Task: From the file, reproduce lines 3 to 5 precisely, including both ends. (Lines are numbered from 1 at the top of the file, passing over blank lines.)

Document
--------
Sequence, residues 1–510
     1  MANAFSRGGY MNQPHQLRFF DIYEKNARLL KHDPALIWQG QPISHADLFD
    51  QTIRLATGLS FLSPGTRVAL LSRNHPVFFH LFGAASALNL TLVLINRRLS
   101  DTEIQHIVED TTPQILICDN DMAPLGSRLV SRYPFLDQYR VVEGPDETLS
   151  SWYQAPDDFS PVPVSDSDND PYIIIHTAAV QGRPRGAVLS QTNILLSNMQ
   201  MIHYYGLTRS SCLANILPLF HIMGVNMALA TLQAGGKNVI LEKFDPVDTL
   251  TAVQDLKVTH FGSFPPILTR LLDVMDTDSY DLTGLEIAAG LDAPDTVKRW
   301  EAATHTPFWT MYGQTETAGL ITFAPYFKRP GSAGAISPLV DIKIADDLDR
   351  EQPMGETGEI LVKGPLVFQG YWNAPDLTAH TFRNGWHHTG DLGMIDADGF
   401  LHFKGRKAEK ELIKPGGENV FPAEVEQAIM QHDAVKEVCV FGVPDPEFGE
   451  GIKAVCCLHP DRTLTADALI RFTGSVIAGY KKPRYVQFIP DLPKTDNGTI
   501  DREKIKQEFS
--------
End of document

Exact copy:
    51  QTIRLATGLS FLSPGTRVAL LSRNHPVFFH LFGAASALNL TLVLINRRLS
   101  DTEIQHIVED TTPQILICDN DMAPLGSRLV SRYPFLDQYR VVEGPDETLS
   151  SWYQAPDDFS PVPVSDSDND PYIIIHTAAV QGRPRGAVLS QTNILLSNMQ